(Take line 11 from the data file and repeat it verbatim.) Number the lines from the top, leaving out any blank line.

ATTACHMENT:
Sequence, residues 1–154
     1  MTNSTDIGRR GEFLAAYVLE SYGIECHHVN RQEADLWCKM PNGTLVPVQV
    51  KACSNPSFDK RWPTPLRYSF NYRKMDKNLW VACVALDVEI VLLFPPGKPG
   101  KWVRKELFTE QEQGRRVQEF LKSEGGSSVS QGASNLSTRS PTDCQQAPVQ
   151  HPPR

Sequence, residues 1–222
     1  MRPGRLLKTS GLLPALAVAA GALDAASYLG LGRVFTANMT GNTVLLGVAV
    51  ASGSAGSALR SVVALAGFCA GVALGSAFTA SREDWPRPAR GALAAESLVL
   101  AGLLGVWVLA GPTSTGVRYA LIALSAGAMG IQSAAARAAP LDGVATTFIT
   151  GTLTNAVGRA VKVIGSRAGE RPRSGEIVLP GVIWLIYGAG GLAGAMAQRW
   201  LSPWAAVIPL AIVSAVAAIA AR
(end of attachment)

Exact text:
   201  LSPWAAVIPL AIVSAVAAIA AR